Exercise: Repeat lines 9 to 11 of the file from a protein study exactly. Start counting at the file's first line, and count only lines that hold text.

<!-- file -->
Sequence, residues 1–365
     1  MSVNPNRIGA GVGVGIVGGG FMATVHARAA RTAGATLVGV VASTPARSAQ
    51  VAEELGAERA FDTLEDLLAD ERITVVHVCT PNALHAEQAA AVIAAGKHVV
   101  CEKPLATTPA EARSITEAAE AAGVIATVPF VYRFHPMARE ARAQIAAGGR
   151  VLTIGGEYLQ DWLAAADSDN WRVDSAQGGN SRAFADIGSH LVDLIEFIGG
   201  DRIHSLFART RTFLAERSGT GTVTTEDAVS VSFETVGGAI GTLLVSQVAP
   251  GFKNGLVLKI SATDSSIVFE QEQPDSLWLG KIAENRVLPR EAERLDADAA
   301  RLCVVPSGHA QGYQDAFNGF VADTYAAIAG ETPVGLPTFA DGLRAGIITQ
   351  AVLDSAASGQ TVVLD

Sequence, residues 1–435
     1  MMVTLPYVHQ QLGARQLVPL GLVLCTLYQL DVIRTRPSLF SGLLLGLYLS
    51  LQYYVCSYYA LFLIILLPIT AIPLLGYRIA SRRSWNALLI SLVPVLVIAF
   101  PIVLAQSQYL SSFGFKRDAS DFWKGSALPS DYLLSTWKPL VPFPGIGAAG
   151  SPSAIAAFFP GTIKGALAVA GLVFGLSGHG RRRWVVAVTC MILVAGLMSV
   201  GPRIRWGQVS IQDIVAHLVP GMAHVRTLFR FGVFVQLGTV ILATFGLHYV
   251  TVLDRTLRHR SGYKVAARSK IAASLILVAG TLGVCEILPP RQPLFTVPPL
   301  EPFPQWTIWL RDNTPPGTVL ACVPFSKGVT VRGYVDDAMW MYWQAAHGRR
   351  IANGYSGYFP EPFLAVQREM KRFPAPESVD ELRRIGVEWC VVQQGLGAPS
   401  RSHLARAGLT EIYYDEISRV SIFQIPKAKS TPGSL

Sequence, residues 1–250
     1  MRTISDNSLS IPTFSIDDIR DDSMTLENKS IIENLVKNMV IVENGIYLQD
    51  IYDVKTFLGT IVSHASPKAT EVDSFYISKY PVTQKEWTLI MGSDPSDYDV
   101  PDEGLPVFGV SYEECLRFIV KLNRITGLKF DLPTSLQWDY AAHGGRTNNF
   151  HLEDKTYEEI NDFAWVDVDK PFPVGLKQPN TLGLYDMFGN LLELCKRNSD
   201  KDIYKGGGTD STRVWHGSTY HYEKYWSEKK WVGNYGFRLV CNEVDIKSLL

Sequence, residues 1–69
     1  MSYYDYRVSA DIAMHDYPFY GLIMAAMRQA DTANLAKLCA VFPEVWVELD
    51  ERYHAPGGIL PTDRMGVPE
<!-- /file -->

   351  AVLDSAASGQ TVVLD

Sequence, residues 1–435
     1  MMVTLPYVHQ QLGARQLVPL GLVLCTLYQL DVIRTRPSLF SGLLLGLYLS